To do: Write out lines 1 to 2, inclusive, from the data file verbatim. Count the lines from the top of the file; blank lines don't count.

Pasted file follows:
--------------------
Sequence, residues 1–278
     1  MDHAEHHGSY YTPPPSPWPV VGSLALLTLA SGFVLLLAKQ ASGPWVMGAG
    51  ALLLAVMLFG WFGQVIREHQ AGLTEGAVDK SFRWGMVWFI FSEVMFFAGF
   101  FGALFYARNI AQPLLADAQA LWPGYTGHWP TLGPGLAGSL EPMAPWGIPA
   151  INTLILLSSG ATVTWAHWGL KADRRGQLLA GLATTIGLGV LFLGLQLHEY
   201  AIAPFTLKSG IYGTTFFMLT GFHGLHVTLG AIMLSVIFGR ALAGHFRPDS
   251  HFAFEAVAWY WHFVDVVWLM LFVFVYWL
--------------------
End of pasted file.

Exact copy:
Sequence, residues 1–278
     1  MDHAEHHGSY YTPPPSPWPV VGSLALLTLA SGFVLLLAKQ ASGPWVMGAG